Classwork for a Cause

By designing campaigns for local nonprofits, a group of graphic design majors honed their craft while leveraging their skills for the greater good.

Classwork for a Cause Photo by Terry Slater
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There’s just something special about Endicott’s Junior Graphic Design Studio course. 

Part of it is the range of projects that graphic design students complete—mostly in their junior year. (Their portfolio includes everything from sports branding to graphic design for an arts and music festival to packaging design for Whole Foods products.)

Another factor is the impressive amount of work that the students walk away with after just one semester. (According to Associate Professor Juan Carlos Morales, it’s second only to the senior capstone.)

And there’s one more element: Just as the students are learning valuable real-world skills, they’re giving back to the local community at the same time, too. 

That’s because the course curriculum includes the opportunity for students to partner with local nonprofits to lend their design skills to help advance worthy causes. This semester’s clients included the Community Preservation Act for the Town of Danvers, North Shore Pride, and Gifts that Matter, an organization that provides financial support for essential items to children and families in need in the North Shore area. 

While most students build resumes and portfolios through internship opportunities, Morales said the inclusion of these project-based collaborations with local nonprofits is intentional and in line with the Endicott ethos.

Classwork for a Cause

“I often tell students that our industry doesn’t just need better designers, it needs better people,” he said. “We’re skilled in the art of persuasion through design. And that’s really a superpower you want to leverage for good.”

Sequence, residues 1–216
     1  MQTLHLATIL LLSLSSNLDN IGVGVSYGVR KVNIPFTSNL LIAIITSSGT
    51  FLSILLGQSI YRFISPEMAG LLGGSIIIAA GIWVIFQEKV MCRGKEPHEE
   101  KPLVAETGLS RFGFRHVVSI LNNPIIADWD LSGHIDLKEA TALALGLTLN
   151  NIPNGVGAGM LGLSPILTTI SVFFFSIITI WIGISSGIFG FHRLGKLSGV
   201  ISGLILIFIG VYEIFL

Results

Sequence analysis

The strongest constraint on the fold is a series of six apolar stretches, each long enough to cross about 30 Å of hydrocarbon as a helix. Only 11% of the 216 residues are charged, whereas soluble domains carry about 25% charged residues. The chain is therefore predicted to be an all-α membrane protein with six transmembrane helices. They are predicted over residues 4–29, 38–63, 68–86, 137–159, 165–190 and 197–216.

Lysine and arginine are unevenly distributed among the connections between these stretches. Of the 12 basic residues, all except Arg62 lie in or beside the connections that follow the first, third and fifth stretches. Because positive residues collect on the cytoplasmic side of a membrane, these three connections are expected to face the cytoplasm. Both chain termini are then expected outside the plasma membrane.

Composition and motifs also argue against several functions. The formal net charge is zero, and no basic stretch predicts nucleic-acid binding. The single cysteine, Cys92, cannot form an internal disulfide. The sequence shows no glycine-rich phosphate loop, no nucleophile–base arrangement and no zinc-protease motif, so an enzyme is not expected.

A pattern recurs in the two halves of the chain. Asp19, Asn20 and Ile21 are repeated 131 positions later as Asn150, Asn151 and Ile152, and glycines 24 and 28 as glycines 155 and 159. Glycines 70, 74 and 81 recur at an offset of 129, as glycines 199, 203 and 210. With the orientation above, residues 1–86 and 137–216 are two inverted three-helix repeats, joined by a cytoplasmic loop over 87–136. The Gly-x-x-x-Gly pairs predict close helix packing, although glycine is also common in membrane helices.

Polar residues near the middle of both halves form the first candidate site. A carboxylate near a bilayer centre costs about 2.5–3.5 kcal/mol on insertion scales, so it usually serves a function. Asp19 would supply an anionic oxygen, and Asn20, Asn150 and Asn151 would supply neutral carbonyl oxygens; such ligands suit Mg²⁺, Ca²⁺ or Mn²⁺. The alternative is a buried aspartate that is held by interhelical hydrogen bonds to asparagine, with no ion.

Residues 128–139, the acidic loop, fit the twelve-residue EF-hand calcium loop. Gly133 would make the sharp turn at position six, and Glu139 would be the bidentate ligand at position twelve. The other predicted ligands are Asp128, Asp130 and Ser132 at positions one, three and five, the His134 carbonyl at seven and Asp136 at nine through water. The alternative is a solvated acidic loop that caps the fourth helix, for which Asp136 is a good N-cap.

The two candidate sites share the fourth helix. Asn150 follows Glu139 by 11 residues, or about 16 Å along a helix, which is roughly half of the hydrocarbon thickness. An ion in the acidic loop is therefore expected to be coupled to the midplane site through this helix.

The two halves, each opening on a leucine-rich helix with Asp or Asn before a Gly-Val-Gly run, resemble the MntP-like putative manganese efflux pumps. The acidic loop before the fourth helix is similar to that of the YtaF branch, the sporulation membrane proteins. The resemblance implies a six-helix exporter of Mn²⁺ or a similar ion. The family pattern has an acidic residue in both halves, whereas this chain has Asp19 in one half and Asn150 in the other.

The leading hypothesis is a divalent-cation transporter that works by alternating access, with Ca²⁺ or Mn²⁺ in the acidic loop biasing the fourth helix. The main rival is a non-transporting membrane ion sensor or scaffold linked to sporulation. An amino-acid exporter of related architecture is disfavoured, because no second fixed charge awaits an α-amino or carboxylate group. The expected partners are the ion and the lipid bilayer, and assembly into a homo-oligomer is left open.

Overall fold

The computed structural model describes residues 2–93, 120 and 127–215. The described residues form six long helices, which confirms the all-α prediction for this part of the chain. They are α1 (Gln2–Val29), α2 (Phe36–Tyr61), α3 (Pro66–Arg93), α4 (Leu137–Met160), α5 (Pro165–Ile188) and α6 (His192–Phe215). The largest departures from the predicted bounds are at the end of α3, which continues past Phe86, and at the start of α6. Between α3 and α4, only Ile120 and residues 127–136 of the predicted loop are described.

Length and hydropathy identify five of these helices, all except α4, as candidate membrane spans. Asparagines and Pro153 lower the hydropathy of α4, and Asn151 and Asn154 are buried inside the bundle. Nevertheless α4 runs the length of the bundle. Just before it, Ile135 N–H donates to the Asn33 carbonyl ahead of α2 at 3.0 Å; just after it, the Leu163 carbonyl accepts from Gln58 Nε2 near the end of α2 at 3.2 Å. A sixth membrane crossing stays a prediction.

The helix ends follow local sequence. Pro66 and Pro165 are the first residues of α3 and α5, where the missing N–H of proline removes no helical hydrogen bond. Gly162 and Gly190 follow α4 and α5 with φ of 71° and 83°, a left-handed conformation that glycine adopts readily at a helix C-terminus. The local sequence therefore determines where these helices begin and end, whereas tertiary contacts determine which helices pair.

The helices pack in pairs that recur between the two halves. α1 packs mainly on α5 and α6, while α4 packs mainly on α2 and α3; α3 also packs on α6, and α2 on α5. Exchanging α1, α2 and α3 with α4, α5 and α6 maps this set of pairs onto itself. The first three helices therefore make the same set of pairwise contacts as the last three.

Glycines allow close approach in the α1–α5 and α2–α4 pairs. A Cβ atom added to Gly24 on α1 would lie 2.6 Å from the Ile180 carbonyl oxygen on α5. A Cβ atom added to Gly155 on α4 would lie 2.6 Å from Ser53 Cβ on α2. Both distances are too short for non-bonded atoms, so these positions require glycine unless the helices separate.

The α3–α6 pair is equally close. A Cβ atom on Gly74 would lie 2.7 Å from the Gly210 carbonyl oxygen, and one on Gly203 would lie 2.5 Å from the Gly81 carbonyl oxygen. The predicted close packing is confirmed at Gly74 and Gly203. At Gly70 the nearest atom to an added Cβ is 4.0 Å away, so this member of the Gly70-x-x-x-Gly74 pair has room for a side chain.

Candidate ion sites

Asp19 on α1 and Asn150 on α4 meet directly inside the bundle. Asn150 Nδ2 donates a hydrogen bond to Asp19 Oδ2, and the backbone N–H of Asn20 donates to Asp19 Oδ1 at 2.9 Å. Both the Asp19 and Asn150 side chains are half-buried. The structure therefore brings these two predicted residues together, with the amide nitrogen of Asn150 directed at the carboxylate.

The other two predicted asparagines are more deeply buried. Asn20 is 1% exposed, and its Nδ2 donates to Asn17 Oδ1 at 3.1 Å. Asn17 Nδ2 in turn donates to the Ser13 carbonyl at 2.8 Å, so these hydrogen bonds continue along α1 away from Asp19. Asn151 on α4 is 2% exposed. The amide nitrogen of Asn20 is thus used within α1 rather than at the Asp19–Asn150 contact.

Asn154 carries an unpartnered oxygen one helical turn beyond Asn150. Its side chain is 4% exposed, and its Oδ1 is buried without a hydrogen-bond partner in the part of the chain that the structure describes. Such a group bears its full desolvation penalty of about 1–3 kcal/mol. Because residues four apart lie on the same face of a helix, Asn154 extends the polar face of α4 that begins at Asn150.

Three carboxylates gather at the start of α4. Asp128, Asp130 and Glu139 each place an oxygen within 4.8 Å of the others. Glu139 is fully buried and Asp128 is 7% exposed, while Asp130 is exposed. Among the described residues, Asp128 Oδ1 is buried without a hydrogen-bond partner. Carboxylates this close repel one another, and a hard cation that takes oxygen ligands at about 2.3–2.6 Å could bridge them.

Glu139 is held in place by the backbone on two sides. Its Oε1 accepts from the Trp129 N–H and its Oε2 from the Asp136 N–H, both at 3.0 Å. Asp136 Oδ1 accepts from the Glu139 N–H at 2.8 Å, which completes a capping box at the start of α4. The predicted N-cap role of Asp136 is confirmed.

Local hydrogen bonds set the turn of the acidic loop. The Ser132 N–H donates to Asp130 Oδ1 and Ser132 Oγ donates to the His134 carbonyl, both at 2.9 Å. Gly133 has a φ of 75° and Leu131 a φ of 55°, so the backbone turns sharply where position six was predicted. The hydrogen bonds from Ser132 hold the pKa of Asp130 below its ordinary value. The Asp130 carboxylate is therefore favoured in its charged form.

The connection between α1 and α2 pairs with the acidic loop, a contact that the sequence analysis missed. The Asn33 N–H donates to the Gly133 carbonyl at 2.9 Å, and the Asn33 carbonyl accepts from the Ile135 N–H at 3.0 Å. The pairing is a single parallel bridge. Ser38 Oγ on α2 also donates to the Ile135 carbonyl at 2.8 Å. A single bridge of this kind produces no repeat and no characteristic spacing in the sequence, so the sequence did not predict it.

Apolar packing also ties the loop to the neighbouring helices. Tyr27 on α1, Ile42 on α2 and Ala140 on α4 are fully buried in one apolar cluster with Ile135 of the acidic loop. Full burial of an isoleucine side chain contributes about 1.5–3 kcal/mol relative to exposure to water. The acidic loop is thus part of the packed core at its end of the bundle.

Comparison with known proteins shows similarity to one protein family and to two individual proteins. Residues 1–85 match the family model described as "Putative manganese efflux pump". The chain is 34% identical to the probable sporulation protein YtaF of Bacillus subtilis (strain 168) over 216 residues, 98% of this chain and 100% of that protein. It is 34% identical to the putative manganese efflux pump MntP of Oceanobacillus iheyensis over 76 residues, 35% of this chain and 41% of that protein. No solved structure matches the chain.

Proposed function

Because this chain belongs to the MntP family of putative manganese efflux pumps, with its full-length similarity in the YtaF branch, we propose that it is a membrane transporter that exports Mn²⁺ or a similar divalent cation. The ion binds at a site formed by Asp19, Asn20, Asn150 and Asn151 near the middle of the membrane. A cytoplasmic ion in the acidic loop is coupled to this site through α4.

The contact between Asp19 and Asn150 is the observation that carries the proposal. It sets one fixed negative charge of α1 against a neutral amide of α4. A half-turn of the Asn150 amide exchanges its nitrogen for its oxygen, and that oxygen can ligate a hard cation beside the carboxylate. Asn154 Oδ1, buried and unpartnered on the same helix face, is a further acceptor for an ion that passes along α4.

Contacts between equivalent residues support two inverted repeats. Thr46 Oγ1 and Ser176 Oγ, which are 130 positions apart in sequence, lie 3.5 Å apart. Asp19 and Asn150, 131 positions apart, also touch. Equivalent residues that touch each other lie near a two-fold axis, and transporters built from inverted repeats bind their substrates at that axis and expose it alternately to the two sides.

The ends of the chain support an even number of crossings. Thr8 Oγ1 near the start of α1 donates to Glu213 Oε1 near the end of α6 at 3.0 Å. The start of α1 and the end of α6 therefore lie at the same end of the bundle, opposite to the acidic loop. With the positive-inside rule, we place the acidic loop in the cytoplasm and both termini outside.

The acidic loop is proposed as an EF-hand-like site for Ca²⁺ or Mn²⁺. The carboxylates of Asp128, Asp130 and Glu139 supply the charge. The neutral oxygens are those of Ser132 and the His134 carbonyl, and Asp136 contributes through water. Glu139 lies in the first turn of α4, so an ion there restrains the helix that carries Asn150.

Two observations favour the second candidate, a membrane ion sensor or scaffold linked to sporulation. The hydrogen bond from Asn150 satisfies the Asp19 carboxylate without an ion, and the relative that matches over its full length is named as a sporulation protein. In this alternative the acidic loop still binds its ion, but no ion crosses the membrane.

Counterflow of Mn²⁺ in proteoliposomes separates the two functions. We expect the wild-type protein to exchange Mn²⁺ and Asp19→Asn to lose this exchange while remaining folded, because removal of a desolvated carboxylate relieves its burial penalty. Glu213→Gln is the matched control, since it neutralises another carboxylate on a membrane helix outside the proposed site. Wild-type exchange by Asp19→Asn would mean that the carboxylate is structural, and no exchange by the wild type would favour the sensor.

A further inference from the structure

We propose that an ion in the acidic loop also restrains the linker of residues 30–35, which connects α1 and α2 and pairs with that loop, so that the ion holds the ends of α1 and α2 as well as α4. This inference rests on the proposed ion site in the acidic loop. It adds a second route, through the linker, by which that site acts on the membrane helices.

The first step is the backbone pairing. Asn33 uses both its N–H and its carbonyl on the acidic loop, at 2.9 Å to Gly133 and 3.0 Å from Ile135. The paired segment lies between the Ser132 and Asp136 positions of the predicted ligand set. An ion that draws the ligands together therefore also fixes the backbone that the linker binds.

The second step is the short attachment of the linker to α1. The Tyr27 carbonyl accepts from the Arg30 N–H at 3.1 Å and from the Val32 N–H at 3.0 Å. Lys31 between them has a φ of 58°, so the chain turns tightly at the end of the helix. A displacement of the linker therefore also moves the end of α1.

The project began with a class during which members of the nonprofits introduced themselves, their organizations, and their design needs to the students via Zoom. The students then chose the organization they wanted to partner with, working in three- and four-person teams. 

Payton Grenier ’24 worked with Gifts that Matter. “I chose the organization because I really connected with the founder, Marian Myers, and her values,” she said. “It was important to me that I felt passionate about the work.” 

North Shore Pride caught the eye of Kaitlin Marino ’24. “I wanted to take on the challenge of working with a group that was making an impact on a large community,” said Marino, who is also a graphic design intern for Endicott alum Mya Kermelewicz ’21 M’22, an advocate for ending relationship abuse. 

The Danvers Community Preservation Act particularly appealed to Emily Reedy ’24. “When we started, the organization only had a logo and a Facebook page,” she said. “I liked the idea of partnering with a group that didn’t already have a design background.”

Next up was a brainstorming session, after which the students presented their ideas to their clients. With their stamp of approval, the students then got to work on their design projects. 

Each organization had its own goals for the partnership. The Gifts that Matter team created designs for a gala event in June. 

“The event’s theme is ‘the butterfly effect,’” said Grenier. “We created Instagram posts, a photo backdrop, video, name cards, and table numbers. We also made butterfly note cards for each table that told a different story about someone impacted by the organization. The cards also had a QR code so that guests could scan it and donate to the organization right from their phone.”

The North Shore Pride team’s work also was event-based.